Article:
The market cycle is basically how a stock market moves. This also can be applied to individual stocks.
The most popular market cycle diagram would be from Richard Wyckoff.
Richard Wyckoff is one of the pioneers when it comes to technical analysis. In his years of trading, he developed a theory that price action has 4 stages namely Accumulation, Markup, Distribution, and Markdown.
His cycle, in theory, looks like this:
Stage 1: Accumulation
Wyckoff believes that before a stock goes up in price, it should first experience a moment of neglect. A moment where only a few are buying thus keeping the movement in the chart flat.
And this is where institutional money comes in. Institutional money or smart money is money that’s coming from banks, hedge funds, or any big players in the market.
This is the time where they “accumulate” shares as silently as possible. Why? Because if they buy all the shares they need in just one go, this will increase prices immediately and making them buy their shares at an expensive price.
Stage 2: Markup
This is where the price starts to breakout of the resistance and the stock is now moving towards being in an uptrend. From being flat and no direction to going up in an uptrend.
Stage 3: Distribution
This stage is evident when it seems like price can’t go up any further. You will see upper wicks in the candlesticks which means being price is being rejected. This is the stage wherein sellers are trying to take control. They are overwhelming buyers in this area.
Stage 4: Markdown
This stage is where the sellers have completely dominated and the buyers and the stock now are going down.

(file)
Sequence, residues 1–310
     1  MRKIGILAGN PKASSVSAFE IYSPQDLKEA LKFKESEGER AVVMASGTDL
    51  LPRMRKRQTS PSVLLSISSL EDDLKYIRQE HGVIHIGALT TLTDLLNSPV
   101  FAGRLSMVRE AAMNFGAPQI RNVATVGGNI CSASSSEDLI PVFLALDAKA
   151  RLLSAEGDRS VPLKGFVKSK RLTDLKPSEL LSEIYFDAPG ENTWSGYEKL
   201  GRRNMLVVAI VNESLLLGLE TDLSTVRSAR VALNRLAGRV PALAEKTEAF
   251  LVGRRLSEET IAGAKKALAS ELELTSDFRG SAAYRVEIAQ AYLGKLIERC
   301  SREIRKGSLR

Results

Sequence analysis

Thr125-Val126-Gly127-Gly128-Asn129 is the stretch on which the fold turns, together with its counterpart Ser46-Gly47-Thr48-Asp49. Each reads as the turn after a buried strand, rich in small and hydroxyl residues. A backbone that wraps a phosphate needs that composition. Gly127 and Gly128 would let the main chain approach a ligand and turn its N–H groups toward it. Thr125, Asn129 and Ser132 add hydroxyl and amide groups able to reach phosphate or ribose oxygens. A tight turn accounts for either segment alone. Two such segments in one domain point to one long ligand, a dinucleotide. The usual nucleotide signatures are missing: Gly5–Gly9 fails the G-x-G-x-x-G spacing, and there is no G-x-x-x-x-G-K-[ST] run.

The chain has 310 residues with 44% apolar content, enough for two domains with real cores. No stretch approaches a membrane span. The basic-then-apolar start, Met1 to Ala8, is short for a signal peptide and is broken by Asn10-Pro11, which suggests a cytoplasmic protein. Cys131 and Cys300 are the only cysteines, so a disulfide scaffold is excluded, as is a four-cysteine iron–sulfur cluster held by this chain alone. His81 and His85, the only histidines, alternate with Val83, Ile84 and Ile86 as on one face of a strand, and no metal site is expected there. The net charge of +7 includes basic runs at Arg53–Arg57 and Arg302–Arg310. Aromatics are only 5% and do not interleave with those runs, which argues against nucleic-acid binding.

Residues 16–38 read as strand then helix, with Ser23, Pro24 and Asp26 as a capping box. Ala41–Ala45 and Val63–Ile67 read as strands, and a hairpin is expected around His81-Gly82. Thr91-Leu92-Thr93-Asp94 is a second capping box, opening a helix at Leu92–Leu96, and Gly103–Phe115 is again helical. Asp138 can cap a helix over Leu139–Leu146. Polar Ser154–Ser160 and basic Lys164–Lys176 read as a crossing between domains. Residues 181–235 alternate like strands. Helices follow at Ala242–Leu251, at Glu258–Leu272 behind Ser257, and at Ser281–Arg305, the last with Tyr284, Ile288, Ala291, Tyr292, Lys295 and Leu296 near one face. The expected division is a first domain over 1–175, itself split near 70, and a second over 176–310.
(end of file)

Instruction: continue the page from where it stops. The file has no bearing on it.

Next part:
Below are stock charts that have the same look as Wyckoff’s cycle:
What can we learn from Wyckoff’s market cycle?
The “easiest” money to be made would during stage 2 – markup. It’s the easiest because the general move of the stock is behind us. When in stage 2, the stock is in an uptrend. It’s in this stage as well that you see the price breaking resistances.
So how do we capitalize on Stage 2?
By using the strategies above.
Although the stock is in an uptrend, it doesn’t go up in a straight line. It will have pauses, it will rest, it will have consolidation periods. And with your knowledge of support and resistance, you will be able to ride the uptrend or be in the stock before it creates a move the upside.
To know more about Wyckoff’s market cycle, you can check out this video! He mentioned an important statement – This theory should only act as a guide to know where you are in the cycle. Which I totally support! This market cycle shouldn’t be an indicator of whether to buy or sell. It should just serve as a guide on where you are in the big picture.